Home » Meaningful Minutes » 3 Things To Watch About Indias Economic Outlook For 2018 19

Meaningful Minutes

It will take you 3 minutes to get a comprehensive perspective on financial topics
2 related articles that add to your knowledge
One number fact that you should know
How it helps?
  • Zero maintenance charges
  • Zero fees for demat account opening
  • Volume based brokerage
Reach Us
Learn the art of Investing

Read More >

  • 3 things to watch about India’s economic outlook for 2018-19

    It is the beginning of a new financial year and everybody is interested about India’s economic prospects for the coming year. The impact of demonetisation and GST implementation has slowed down the economy in 2017. India lost its top rank to China as the fastest growing economy. But the tide seems to be shifting.

    According to the International Monetary Fund (IMF), India is expected to regain its title as the world’s fastest growing economy in 2018 and 2019. Here are a few factors to watch for in the coming year.

Here are three things to note:

  • Fiscal deficit outlook:

    The Indian Finance Minister Arun Jaitley revised the fiscal deficit target for 2018-19 to 3.3% of the Gross Domestic Product (GDP). The original target for the year was 3%. This move came after the fiscal deficit target for 2017-18 was breached. The IMF has welcomed India’s target of 3.3% for FY2019 saying that this would help the country return to the path of fiscal consolidation.

    Fiscal deficit is defined as the difference between the total revenue and total expenditure of the government. So whenever the expenditure is greater, this figure indicates the total borrowings required by the government.

  • Interest rates ahead:

    In its first bi-monthly meeting of FY2019, the RBI’s Monetary Policy Committee has maintained the status quo on interest rates. The committee voted 5:1 in favour of an unchanged policy rate. The repo rate (or key lending rate) continues to stay at 6% for the fourth time in a row while the reverse repo rate is unchanged at 5.75%. Over the past year, the Monetary Policy Committee by the RBI has taken a cautious approach regarding interest rates. This decision by the RBI is consistent with its aim of achieving its medium term goal of 4% CPI inflation (within a +/- 2% band). At the same time, the central bank hopes to support economic growth in the country.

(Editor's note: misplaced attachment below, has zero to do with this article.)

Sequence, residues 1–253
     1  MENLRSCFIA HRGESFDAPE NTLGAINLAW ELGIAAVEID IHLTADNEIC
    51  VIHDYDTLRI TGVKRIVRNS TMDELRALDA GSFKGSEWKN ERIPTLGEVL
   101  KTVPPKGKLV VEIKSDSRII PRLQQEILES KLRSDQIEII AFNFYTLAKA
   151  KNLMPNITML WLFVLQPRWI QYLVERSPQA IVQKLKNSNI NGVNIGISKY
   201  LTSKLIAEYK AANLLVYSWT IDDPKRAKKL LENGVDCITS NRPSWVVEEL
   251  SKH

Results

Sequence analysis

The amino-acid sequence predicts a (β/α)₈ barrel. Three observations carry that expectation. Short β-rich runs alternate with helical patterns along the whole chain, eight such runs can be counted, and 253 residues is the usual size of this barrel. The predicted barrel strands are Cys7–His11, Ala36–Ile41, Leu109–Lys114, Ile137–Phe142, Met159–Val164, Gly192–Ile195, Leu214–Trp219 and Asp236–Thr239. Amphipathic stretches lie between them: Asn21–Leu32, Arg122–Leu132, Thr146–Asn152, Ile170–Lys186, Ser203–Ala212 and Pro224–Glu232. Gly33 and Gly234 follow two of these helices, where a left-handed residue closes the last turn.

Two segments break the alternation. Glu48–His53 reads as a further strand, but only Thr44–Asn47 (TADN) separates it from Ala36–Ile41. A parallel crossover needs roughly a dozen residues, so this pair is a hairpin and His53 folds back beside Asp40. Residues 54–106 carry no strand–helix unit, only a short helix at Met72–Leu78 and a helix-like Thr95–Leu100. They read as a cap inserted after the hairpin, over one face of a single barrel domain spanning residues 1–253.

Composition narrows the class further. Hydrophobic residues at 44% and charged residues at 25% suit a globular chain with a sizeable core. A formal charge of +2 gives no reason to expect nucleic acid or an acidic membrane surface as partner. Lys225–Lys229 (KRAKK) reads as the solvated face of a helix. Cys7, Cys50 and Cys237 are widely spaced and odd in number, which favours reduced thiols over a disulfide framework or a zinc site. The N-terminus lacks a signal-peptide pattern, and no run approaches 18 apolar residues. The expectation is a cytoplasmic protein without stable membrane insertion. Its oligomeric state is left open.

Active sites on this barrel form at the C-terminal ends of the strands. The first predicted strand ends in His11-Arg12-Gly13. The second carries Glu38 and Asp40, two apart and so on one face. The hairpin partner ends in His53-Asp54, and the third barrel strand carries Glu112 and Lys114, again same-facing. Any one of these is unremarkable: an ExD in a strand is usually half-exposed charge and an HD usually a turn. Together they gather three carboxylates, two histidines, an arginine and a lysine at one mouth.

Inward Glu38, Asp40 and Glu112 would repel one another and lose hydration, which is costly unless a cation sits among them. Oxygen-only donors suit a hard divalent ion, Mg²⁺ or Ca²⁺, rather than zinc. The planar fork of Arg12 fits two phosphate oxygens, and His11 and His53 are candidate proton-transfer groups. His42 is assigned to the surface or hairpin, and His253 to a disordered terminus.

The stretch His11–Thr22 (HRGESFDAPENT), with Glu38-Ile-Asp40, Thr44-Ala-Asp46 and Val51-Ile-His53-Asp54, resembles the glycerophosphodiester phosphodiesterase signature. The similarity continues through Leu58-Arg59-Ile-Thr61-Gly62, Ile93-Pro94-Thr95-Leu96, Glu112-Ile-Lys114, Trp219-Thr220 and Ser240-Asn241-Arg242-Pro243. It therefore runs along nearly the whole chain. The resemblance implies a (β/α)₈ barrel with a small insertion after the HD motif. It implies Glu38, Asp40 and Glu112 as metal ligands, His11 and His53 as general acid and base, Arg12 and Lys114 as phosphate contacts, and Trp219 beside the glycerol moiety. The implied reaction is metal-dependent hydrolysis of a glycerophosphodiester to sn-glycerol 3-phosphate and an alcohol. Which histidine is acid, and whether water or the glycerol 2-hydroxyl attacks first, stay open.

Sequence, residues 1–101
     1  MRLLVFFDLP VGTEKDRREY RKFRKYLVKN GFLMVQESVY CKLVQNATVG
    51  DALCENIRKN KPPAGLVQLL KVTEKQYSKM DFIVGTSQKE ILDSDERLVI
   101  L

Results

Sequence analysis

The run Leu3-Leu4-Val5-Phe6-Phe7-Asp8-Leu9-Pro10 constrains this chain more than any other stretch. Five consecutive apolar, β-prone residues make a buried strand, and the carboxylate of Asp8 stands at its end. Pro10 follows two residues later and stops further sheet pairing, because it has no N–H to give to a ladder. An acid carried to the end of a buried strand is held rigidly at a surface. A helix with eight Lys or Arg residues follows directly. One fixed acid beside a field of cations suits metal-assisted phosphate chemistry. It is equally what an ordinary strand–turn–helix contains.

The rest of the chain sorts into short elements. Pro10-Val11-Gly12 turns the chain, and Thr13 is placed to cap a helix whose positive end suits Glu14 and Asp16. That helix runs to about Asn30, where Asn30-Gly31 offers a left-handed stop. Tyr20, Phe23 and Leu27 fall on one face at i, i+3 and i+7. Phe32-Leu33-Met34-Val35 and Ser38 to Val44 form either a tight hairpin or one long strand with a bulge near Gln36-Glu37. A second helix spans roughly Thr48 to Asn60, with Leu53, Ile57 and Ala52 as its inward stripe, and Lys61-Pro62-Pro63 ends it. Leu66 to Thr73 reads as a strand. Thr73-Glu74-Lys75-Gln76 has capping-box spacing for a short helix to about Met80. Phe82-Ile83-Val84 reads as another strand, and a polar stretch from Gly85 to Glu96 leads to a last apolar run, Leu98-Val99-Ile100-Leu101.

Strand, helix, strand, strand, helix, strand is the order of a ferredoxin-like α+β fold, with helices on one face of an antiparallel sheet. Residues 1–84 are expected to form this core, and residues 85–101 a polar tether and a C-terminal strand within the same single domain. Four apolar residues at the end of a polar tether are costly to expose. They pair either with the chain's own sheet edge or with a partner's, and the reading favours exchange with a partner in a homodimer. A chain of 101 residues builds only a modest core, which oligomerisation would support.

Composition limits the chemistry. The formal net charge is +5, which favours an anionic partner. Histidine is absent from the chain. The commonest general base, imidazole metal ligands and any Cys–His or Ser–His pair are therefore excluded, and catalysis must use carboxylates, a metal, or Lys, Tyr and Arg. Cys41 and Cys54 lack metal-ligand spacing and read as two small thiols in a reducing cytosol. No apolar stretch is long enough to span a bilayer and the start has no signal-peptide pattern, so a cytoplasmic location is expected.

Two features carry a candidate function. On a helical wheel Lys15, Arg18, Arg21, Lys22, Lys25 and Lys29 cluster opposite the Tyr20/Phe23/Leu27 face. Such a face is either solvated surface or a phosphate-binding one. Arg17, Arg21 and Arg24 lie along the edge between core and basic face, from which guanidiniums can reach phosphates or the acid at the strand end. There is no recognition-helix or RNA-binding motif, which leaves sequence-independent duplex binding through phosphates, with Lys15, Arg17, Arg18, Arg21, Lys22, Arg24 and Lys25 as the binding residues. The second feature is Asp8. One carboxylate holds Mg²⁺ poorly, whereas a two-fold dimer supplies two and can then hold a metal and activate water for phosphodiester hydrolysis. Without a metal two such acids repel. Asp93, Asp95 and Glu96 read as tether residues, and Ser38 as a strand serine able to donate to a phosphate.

• Corporate performance expectations:

    Corporate India is expected to enjoy a good run in the year according to market experts. Global Analytical Company Credit Rating Information Services of India Limited (CRISIL) suggests that Indian corporate companies could benefit from favourable factors such as sustained demand, benign inflation, firm commodity prices and better financial metrics compared to the previous year.

    Sectors such as steel, transport and logistics could witness an improvement due to better demand and higher growth prospects. On the other hand, investment-linked sectors such as thermal power plants, real estate and capital goods could face speed bumps due to low demand among consumers.

    • Read more about CRISIL’s analysis of India’s road ahead in 2018 here: Read more

    • Here’s why the IMF welcomes India’s fiscal deficit targets: Read more

  • Rs 80,000 crore

    This is the disinvestment target set by the Indian government for the year 2018-19. The government has increased the year-on-year target by as much as 10%. Disinvestment is the process of selling government assets such as public sector units. This undertaking is a method adopted by the government in order to meet its fiscal deficit targets. The proceeds from the privatisation of Air India will be a major contribution towards this target.